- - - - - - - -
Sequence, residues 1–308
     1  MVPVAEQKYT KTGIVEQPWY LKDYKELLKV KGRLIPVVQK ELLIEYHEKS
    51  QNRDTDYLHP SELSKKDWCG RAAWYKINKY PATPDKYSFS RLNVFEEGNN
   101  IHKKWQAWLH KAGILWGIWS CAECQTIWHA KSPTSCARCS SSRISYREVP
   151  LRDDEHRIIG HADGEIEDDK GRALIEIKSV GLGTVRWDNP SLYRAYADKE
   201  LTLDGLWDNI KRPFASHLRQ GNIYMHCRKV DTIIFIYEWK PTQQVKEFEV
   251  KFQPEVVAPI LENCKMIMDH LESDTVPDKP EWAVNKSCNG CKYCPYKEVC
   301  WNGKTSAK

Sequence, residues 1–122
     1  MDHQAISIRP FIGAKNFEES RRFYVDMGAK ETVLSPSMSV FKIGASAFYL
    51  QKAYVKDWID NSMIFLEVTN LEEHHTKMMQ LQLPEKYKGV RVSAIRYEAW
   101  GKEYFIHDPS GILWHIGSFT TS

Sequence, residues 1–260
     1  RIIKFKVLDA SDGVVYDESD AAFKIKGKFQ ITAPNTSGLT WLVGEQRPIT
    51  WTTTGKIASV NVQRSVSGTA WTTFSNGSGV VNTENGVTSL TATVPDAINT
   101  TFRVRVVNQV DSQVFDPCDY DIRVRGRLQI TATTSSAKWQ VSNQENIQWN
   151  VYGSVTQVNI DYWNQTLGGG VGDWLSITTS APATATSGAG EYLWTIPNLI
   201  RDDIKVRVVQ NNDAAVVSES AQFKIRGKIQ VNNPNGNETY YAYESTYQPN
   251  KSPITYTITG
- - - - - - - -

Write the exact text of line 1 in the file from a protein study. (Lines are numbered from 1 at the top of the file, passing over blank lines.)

Sequence, residues 1–308